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About Tourneau

Watch Maintenance

While a watch can last for many years and even generations, like anything else, it does endure some wear and tear over time. Tourneau’s watch Service and Repair experts have provided their professional advice and tips to help you keep your watch in the same excellent condition in which it was bought.

General Cleaning
Maintenance Schedule
Winding and Setting
Water Resistance
Things to Avoid

General Cleaning

Keeping your watch clean on the outside lessens the chance of it getting dirty on the inside. Wipe off your watch periodically to remove dust, dirt, moisture and perspiration.

Cleaning a non water-resistant watch

Cleaning a NON water-resistant watch:

  • Avoid exposure to any moisture.
  • Simply wipe the watch with a dry soft cloth.

Cleaning a water-resistant watch

Cleaning a water-resistant watch:

  • Use a soft damp cloth to clean the head of the watch and then wipe off with a dry soft cloth.
  • Metal bracelets can be cleaned by using mild soapy water and a soft toothbrush.


In addition to an annual 5 Point Check-Up, a complete movement overhaul is recommended every three to five years to keep your watch in pristine condition.

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Winding and Setting

Winding and setting a manual watch

For A Manual Watch:

  • Wind your watch fully at the same time each day.
  • Be careful not to force the crown. When it stops, or you feel resistance, stop winding. Forcing the crown can damage the setting mechanism.

Winding and setting an automatic watch

For An Automatic Watch:

For optimal performance, the automatic watch is to be worn every day and 'be active.'

  • To power up an automatic timepiece, give the crown about 20 to 40 turns and put the watch on your wrist.
  • If the watch has a screw-down crown, be sure to secure it after the watch has been wound and set to ensure the water- tight integrity of the watch.
  • If the automatic watch is worn daily, wind it once every two weeks. Wind the watch twice a week if it is not worn daily.

Setting the date

For Setting The Date:

  • Avoid setting the date between 9 pm and 3 am as doing so can damage the movement's gears and pinions.
  • Be sure to adjust the date outside of this time period.


The average life of a quartz watch battery is 1 to 3 years. The life of the battery is dependent on a number of factors: age, condition of the movement, and the type of watch—analog/chronograph or digital. The more functions a watch has, the more frequent the need for battery replacements. When a battery can no longer power the watch, change it promptly. Otherwise, you run the risk of the battery leaking and causing damage to the mechanism.


Watch water resistance

Not all watches are designed to be water resistant, and there are various degrees of water resistance. It is important to remember that water resistance is not a permanent condition, and it must be tested and renewed periodically. Gaskets and seals used to seal the watch deteriorate over time and will need to be replaced.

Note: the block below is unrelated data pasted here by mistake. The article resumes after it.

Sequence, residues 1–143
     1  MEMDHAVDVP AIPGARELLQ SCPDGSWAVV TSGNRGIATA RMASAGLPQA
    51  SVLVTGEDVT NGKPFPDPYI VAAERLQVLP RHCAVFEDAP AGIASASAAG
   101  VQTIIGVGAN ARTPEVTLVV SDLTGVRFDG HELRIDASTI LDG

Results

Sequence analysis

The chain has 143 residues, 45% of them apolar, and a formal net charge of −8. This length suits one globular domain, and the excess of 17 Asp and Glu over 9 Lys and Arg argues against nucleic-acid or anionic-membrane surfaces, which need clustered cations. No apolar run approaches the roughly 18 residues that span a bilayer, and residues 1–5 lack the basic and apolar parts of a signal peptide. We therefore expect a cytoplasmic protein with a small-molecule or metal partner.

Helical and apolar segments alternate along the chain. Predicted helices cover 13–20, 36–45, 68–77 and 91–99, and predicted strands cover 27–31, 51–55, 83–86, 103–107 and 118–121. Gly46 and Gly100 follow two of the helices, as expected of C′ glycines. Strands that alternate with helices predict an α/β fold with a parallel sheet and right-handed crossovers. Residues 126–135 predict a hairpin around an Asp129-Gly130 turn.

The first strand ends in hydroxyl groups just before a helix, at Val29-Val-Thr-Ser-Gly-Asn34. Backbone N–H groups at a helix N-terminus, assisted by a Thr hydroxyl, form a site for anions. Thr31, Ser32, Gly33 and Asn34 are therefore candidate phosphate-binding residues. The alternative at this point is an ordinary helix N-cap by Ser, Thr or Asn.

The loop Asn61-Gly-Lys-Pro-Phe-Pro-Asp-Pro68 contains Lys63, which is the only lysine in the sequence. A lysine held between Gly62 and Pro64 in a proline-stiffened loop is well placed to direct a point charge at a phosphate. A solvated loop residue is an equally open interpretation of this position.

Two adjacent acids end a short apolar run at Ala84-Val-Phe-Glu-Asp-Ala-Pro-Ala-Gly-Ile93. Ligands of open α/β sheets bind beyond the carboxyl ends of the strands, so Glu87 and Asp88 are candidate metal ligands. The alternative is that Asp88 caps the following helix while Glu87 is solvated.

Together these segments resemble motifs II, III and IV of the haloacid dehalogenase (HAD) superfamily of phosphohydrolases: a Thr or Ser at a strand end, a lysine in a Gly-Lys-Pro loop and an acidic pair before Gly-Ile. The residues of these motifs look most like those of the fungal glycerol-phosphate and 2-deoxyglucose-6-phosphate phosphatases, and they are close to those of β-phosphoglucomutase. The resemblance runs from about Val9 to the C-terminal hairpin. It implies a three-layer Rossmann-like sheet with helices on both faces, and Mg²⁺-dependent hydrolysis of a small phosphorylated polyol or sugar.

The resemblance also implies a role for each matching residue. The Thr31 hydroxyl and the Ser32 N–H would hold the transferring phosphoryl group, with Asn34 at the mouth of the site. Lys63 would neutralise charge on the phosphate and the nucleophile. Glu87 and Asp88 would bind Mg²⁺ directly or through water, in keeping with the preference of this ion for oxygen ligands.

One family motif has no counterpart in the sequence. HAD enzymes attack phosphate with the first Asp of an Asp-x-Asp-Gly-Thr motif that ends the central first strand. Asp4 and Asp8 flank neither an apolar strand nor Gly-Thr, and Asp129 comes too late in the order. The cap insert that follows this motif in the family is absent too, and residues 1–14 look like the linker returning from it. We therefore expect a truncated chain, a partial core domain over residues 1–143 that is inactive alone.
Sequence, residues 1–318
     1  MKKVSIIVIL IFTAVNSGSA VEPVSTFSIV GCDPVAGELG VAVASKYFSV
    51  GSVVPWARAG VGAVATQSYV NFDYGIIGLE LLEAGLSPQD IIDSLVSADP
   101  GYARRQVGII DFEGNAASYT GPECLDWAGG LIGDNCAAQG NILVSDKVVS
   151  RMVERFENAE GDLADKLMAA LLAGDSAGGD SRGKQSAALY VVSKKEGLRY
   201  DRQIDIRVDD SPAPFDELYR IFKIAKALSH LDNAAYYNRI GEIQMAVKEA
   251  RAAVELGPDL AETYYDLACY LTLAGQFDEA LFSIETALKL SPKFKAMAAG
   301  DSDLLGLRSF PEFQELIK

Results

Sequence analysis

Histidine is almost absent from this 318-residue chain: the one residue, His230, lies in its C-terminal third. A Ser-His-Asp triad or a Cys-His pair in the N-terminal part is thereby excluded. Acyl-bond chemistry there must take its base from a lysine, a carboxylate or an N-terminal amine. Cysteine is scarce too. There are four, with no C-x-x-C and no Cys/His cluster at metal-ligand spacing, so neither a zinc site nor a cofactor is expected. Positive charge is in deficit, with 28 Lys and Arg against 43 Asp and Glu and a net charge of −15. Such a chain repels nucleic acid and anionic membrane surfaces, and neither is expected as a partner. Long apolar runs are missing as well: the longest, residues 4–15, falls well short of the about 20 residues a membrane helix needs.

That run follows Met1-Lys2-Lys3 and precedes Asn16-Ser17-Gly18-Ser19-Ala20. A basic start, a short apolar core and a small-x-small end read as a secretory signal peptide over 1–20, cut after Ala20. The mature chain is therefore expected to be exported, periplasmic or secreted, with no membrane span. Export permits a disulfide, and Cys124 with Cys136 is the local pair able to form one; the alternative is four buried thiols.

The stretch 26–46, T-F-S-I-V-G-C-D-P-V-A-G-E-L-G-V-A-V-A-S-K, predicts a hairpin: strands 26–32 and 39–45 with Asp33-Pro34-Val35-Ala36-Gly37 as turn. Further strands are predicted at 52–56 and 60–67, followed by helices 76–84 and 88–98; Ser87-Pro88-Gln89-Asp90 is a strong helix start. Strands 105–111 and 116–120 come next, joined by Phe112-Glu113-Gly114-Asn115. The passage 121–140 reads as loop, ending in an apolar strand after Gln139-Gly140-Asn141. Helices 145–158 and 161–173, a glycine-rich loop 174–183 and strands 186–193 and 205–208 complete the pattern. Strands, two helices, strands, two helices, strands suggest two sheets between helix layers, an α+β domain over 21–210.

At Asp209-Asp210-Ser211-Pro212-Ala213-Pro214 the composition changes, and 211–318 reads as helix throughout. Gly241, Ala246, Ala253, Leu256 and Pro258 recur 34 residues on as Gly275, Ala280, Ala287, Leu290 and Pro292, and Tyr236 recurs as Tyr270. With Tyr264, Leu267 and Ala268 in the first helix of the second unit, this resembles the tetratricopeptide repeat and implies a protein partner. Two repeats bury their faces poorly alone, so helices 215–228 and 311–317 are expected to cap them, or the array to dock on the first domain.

Have your watch tested every 12 − 18 months for water resistance. Bring your watch to a Tourneau store for repair if there is ever condensation under the crystal or signs of oxidation on the dial.

Swimming with your watch:

  • If your watch is designed for water activities, be sure the crown is pushed down or screwed in tightly before wearing it in water.
  • While in a moist environment, do not operate or adjust the crown and/or push buttons as water can seep into the case.
  • After contact with chlorinated or salt water, immediately clean the watch with fresh water and dry with a soft cloth.
  • If the watch has a 'rotating bezel,' be sure to rotate the bezel while cleaning to dislodge any debris (sand or salt).

Things to Avoid

1. Impacts

Sudden shocks or impacts to your watch may result in possible damage to the case, movement, crystal, dial and hands, as well as void your warranty. When the unfortunate happens, the watch may no longer function as desired and will require service.

There are times when the impact is such that there is no physical evidence on the outside of the case indicating the watch has experienced a shock. Only a watch service center with trained expert watchmakers can diagnose the cause and advise you on a course of action to correct the problem.

2. Extreme Temperatures

Moisture and drastic temperature changes and temperatures above 60°C/140°F and below 0°C/32°F can affect timekeeping and water resistance to most watches.

3. Magnetic Fields

Mechanical watches exposed to anything containing a magnet can and will cause these watches to run incorrectly. The watch may run fast, slow, or even stop.

Avoid placing your watch on or near permanent magnets, as found in speakers, computers, magnetic hooks on refrigerators, etc. One of the most common culprits is the cell phone.

Bring your watch to a Tourneau service expert to have it quickly demagnetized. If the watch is severely magnetized, a complete maintenance of the movement may be necessary.

4. Chemicals

Direct contact with chemicals, such as cosmetics, perfumes, detergents, solvents etc. may damage the case, gaskets, leather strap, and/or bracelet of a watch.

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complimentary servicing


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